Michael Blair, the key policy former who led the decision to launch the pension mis-selling review in 1994, was yesterday appointed as the top adviser to the board of directors of the FSA.
The decision to appoint Mr Blair, currently deputy chief executive of the Securities and Investment Board (SIB), drew immediate criticism from a savings industry which privately believes the mis-selling review was the product of a great miscalculation by the regulators.
Industry practitioners said that while Mr Blair was respected as a regulator, his appointment would further alienate practitioners from a new regulator which now had very little top-level input from the industry.
Geoffrey Pointon, a former board member of financial advice regulator Fimbra, said: "Mr Davies has got a major challenge on his hands to show that he is in touch with the industry. Many feel that the review has blighted the industry for too long and now, with politicians getting involved, it is going to continue."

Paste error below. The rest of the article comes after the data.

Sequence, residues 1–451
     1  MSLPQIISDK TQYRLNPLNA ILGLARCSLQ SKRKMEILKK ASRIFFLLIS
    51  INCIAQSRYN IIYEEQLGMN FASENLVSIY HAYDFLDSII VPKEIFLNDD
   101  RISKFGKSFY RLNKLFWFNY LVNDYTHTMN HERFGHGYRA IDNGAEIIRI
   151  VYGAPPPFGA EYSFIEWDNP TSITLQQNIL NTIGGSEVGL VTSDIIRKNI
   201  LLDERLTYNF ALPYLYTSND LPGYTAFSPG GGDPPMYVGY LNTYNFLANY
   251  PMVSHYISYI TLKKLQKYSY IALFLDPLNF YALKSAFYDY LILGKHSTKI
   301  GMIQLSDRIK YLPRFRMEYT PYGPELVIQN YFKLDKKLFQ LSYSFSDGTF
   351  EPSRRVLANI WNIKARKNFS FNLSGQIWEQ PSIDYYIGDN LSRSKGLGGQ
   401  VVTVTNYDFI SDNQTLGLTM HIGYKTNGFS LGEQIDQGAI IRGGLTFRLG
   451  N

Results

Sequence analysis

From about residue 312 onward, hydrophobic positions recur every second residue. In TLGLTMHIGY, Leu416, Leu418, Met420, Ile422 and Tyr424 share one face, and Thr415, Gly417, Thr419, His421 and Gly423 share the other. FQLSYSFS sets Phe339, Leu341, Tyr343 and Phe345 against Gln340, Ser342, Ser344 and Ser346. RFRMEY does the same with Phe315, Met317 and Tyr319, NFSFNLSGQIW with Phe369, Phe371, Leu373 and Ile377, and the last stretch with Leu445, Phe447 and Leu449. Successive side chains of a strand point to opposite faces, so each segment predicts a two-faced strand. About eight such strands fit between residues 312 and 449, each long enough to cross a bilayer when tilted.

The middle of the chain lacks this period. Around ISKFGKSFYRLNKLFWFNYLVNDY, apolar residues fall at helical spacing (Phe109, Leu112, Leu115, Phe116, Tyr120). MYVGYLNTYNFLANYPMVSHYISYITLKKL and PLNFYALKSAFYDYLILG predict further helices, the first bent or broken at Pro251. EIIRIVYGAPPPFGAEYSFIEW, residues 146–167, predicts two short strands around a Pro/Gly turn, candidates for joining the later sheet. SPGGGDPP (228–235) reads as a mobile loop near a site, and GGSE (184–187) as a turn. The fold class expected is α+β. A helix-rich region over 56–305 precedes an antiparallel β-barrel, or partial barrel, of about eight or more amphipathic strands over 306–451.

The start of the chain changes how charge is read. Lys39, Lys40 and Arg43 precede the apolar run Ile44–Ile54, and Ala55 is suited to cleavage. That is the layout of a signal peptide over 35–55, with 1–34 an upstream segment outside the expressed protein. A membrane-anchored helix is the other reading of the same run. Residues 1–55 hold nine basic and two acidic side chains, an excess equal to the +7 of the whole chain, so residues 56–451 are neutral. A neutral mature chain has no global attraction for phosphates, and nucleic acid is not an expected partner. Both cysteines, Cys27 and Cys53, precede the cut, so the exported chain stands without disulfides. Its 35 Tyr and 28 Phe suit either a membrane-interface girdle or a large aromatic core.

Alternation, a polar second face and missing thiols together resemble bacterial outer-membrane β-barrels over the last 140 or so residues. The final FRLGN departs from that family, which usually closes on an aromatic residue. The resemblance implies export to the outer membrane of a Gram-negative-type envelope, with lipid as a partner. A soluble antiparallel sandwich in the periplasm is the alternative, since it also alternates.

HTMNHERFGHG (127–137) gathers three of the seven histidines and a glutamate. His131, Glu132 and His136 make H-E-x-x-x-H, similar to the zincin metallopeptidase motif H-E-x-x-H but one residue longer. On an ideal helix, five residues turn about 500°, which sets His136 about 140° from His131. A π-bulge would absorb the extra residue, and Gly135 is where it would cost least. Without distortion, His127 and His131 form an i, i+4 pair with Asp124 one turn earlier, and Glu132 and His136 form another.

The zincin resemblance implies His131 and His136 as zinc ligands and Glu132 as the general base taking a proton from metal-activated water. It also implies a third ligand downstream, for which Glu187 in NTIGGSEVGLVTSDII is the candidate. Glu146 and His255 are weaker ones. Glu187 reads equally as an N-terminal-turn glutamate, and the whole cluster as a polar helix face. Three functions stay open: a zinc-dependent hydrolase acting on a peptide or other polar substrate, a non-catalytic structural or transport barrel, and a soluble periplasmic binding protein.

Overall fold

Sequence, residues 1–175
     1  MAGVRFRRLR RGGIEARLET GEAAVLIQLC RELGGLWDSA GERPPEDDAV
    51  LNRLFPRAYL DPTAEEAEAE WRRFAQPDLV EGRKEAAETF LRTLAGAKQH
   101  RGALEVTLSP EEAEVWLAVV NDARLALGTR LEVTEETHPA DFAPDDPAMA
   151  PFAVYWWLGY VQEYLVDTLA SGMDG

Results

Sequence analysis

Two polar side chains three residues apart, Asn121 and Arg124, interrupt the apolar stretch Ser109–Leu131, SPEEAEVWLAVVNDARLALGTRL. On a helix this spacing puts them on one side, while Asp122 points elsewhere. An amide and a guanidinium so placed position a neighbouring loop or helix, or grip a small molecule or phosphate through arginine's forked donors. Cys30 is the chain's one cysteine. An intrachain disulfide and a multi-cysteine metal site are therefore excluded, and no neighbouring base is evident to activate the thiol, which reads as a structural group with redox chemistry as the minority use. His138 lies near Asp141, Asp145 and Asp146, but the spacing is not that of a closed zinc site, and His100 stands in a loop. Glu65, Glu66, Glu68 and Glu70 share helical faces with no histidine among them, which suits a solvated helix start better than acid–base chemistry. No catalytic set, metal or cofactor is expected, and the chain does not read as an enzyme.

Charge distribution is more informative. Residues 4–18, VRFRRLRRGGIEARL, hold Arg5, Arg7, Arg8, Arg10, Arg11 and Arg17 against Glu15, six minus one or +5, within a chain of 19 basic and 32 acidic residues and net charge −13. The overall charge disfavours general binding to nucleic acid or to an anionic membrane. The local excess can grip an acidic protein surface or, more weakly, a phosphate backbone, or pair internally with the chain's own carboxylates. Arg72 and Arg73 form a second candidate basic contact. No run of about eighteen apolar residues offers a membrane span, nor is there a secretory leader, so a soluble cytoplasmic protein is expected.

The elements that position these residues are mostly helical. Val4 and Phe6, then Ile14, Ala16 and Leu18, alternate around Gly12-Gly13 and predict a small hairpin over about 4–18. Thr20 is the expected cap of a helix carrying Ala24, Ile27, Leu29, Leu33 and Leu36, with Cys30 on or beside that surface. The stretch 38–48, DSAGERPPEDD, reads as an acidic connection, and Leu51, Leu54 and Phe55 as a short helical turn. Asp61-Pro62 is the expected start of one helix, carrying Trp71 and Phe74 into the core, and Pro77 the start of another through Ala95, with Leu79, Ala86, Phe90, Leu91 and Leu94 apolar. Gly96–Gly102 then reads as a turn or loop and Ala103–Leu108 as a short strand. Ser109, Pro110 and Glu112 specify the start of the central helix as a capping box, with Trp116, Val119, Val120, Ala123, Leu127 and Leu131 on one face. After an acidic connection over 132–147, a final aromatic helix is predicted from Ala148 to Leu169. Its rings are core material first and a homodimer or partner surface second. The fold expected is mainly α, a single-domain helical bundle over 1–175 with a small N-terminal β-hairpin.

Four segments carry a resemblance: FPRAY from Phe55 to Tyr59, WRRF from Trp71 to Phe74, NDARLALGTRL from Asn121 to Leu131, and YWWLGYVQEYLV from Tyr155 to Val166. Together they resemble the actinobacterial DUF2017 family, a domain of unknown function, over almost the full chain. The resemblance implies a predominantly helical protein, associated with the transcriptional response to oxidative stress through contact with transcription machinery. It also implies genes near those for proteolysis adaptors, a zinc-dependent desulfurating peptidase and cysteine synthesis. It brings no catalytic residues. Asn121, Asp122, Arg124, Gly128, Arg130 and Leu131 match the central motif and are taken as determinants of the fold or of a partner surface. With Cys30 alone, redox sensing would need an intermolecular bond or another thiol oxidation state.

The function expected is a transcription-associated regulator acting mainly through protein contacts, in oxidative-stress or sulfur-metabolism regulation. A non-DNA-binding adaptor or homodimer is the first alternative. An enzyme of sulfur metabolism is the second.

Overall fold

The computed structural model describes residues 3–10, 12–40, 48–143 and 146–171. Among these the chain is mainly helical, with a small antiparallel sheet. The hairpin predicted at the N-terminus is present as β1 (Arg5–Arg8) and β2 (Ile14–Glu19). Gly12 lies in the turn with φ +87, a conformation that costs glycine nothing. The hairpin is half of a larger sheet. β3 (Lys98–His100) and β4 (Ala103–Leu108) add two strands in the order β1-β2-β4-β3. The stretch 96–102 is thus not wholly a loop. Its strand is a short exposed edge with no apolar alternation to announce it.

While leading industry figures have accepted the pension review as a necessary evil, many believe that SIB, the FSA's predecessor, failed to calculate the effort required to complete it.
The deadline for completing the review of 90 per cent of the most urgent cases of mis-selling was set in 1994 for 1 January 1996. But during 1995 and 1996 the review became mired in legal disputes and even the most urgent phase is more than two years behind schedule.
The FSA yesterday said preference for the new posts had been given to insiders at the old regulators, although external advisers had been appointed to monitor the recruitment.Reuse content